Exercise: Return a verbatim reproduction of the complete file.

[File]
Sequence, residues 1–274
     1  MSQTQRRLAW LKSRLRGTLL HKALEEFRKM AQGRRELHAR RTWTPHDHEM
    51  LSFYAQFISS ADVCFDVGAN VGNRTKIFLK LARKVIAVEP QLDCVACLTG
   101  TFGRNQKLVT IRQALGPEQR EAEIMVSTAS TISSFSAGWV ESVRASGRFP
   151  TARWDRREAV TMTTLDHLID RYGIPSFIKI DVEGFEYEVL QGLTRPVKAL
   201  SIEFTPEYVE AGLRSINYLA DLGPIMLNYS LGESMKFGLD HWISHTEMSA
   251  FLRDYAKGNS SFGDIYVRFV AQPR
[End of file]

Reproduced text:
Sequence, residues 1–274
     1  MSQTQRRLAW LKSRLRGTLL HKALEEFRKM AQGRRELHAR RTWTPHDHEM
    51  LSFYAQFISS ADVCFDVGAN VGNRTKIFLK LARKVIAVEP QLDCVACLTG
   101  TFGRNQKLVT IRQALGPEQR EAEIMVSTAS TISSFSAGWV ESVRASGRFP
   151  TARWDRREAV TMTTLDHLID RYGIPSFIKI DVEGFEYEVL QGLTRPVKAL
   201  SIEFTPEYVE AGLRSINYLA DLGPIMLNYS LGESMKFGLD HWISHTEMSA
   251  FLRDYAKGNS SFGDIYVRFV AQPR